Newborn infants and babies aged up to three months should be stimulated to manipulate objects and observe adults performing everyday tasks. This incentive helps their social, motor and cognitive development, researchers note in an article published in the May 2021 issue of the journal Infant Behavior & Development.
Physical relaxation through yoga or other practices can help reduce work-related stress, according to an analysis of studies conducted in healthcare staff.
The analysis, which is published in the Journal of Occupational Health, included 15 randomized clinical trials with a total of 688 healthcare workers. The studies examined the effects of yoga, massage therapy, progressive muscle relaxation, and stretching on alleviating stress and improving physical and mental health.
A genetic map of an aggressive childhood brain tumour called medulloblastoma has helped researchers identify a new generation anti-cancer drug that can be repurposed as an effective treatment for the disease.
This international collaboration, led by researchers from The University of Queensland's (UQ) Diamantina Institute and WEHI in Melbourne, could give parents hope in the fight against the most common and fatal brain cancer in children.
Opioid prescribing preferences and practices among surgical residents and faculty differ, according to a new study published in the journal Surgery.
Scientists at the University of Southampton have discovered that changes in Earth's orbit may have allowed complex life to emerge and thrive during the most hostile climate episode the planet has ever experienced.
East Hanover, NJ. July 7, 2021. A team of researchers identified nine meaningful reasons that prevent people with disabilities from seeking employment. Their findings provide a much-needed understanding of this population's motives for remaining unemployed, which can inform programs and policies that promote labor force participation of people with disabilities.
The principle that form follows function does not only apply to design and architecture. It also applies to biology. Every organism is a universe that lives thanks to the activities of tens of thousands of nanomachines, whose functions depend on their forms. Biologists say macromolecular complexes instead of nanomachines and structure instead of form, but the idea is the same: know the form and you will understand the function.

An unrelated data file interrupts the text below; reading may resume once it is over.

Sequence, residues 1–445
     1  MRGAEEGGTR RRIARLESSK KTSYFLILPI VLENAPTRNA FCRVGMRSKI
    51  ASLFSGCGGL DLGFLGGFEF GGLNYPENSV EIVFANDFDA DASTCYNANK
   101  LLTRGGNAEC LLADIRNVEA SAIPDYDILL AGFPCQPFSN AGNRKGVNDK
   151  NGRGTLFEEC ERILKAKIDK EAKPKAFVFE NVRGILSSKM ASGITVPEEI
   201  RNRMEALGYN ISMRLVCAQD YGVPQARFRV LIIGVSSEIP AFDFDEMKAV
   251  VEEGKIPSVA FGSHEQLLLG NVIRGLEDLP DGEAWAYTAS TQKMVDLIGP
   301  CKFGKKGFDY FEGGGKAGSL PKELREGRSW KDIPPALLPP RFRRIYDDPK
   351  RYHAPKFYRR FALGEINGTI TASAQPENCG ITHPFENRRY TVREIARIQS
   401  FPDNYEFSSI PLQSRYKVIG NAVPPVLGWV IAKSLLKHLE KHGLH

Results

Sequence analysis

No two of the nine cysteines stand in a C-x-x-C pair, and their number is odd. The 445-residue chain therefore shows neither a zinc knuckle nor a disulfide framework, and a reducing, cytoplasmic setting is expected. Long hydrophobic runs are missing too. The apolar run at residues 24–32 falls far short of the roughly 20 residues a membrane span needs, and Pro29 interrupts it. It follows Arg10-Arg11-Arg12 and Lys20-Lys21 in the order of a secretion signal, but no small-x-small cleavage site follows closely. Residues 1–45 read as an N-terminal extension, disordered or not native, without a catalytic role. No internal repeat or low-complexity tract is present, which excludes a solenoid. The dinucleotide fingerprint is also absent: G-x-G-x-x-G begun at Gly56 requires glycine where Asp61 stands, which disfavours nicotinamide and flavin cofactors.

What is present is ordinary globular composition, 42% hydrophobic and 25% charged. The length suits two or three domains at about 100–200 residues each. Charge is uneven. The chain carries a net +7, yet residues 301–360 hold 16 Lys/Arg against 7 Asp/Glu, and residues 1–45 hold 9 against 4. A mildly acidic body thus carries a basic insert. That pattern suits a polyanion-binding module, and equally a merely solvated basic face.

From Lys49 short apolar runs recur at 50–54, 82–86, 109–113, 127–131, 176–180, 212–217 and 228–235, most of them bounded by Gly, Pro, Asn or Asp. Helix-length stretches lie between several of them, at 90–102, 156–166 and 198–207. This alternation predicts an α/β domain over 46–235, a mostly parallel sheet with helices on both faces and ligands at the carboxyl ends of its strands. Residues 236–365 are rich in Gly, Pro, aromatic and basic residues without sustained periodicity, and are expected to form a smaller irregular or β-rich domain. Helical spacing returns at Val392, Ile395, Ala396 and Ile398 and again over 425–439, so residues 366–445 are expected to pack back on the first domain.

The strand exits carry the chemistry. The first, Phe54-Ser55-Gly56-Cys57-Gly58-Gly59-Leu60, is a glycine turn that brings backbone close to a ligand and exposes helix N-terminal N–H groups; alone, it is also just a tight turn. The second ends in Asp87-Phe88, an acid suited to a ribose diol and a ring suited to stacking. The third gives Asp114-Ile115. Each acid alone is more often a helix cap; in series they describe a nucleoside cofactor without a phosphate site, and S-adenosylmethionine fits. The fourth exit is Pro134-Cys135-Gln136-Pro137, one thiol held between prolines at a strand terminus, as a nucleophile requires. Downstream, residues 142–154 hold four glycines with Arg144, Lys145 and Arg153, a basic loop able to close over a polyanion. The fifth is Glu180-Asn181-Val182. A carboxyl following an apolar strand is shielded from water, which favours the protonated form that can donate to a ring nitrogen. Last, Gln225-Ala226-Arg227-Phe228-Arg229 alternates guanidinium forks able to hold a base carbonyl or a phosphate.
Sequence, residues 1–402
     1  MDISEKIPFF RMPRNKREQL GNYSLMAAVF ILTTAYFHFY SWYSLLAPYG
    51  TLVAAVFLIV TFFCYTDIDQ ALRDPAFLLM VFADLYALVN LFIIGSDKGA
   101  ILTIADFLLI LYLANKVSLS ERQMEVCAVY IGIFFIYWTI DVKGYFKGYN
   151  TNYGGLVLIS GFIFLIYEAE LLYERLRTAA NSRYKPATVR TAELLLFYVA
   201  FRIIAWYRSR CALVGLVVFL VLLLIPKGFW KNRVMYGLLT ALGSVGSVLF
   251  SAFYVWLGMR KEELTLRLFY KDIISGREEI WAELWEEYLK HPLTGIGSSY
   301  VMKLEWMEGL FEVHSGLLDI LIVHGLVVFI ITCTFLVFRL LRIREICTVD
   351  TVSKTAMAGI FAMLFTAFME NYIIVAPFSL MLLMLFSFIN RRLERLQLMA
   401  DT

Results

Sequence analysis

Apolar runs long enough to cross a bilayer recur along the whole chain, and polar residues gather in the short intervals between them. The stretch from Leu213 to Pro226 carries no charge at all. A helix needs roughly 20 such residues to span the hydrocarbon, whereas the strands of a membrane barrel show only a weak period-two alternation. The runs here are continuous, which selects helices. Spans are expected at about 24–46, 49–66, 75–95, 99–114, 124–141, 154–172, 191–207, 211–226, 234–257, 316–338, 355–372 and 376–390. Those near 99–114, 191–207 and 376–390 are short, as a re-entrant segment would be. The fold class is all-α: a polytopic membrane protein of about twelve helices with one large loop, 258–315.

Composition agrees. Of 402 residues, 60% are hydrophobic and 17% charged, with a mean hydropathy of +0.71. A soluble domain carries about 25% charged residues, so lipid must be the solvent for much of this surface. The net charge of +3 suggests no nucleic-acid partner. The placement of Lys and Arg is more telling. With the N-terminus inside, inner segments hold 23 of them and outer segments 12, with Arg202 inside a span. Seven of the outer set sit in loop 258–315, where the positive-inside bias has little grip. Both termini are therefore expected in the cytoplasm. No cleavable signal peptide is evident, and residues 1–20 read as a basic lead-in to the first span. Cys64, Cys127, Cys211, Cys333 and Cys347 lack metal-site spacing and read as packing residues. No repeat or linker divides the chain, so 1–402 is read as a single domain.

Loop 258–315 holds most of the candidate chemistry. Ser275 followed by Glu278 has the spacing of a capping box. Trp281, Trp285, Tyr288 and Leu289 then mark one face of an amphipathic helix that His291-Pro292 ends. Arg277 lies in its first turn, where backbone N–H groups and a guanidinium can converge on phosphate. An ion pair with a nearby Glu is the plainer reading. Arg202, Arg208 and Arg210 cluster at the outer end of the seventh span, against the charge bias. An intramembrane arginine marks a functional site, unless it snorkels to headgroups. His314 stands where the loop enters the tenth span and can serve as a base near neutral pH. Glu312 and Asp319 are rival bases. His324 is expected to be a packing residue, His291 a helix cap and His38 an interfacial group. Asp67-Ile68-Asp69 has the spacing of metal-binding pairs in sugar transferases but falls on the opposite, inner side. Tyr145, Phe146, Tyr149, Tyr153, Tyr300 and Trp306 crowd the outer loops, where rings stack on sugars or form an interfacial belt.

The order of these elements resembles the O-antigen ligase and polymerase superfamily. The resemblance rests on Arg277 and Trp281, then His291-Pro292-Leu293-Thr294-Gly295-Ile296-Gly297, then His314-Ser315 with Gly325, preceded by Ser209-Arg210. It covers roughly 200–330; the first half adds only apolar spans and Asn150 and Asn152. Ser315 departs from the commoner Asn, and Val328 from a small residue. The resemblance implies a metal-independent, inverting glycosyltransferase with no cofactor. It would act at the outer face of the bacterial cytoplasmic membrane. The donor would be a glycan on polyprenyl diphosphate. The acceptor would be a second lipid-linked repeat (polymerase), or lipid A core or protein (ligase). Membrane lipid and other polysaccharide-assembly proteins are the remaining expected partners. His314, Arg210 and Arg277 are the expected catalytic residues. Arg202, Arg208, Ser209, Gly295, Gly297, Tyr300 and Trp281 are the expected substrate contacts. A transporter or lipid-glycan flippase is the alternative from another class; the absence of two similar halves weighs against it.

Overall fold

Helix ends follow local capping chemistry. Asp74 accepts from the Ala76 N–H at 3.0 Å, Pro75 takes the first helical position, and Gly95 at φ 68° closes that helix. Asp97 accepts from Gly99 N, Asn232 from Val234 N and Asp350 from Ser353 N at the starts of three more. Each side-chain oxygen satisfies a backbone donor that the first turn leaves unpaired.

In 2019, Anaïs Llorens and Athina Tzovara -- one a current, the other a former University of California, Berkeley, postdoctoral scholar at the Helen Wills Neuroscience Institute (HWNI) -- were attending a scientific meeting and pleased that one session, on gender bias in academia, attracted nearly a full house. The problem: The audience of some 300 was almost all women.
Using an exceptionally preserved fossil from South Africa, a particle accelerator, and high-powered x-rays, an international team including a University of Minnesota researcher has discovered that not all dinosaurs breathed in the same way. The findings give scientists more insight into how a major group of dinosaurs, including well-known creatures like the triceratops and stegosaurus, evolved.
The study is published in eLife, a peer-reviewed open access scientific journal for the biomedical and life sciences.
Climate change is causing increased flooding and prolonged waterlogging in northern Europe, but also in many other parts of the world. This can damage meadow grasses, field crops or other plants - their leaves die, the roots rot.
The damage is caused by a lack of oxygen and the accumulation of acids. How do plants perceive this over-acidification, how do they react to it? This is what researchers from Würzburg, Jena (Germany) and Talca (Chile) describe in the journal Current Biology.
Abu Dhabi, UAE, July 5, 2021: NYU Abu Dhabi (NYUAD) researchers uncovered a code that sets the genome of the liver to account for the remarkable ability for this organ to regenerate. This finding offers new insight into how the specific genes that promote regeneration can be activated when part of the liver is removed. These findings have the potential to inform the development of a new form of regenerative medicine that could help non-regenerative organs regrow in mice and humans.
BUFFALO, N.Y. - How the media frame stories about science affects the public's perception about scientific accuracy and reliability, and one particular type of narrative can help ameliorate the harm to science's reputation sometimes caused by different journalistic approaches to scientific storytelling, according to a new study led by a University at Buffalo researcher.
Veterinarians at the University of California, Davis, have found that a cat's DNA alters how it responds to a life-saving medication used to treat hypertrophic cardiomyopathy, or HCM, a heart disease that affects 1 in 7 cats. The study was published in the Nature Portfolio journal, Scientific Reports.
A new national study published in Psychiatric Services finds that over a quarter of US adults with depression or anxiety symptoms reported needing mental health counseling but were not able to access it during the COVID-19 pandemic. Researchers analyzed data from nearly 70,000 adults surveyed in the US Census Household Pulse Survey in December 2020.
LAWRENCE -- A new paper from a lead author based at the University of Kansas finds wetlands constructed along waterways are the most cost-effective way to reduce nitrate and sediment loads in large streams and rivers. Rather than focusing on individual farms, the research suggests conservation efforts using wetlands should be implemented at the watershed scale.